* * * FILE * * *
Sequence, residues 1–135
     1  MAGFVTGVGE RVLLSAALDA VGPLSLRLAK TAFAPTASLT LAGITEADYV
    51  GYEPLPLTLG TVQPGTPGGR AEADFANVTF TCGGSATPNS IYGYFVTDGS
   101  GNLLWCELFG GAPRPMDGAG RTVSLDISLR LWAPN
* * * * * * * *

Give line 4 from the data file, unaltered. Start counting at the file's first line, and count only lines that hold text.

   101  GNLLWCELFG GAPRPMDGAG RTVSLDISLR LWAPN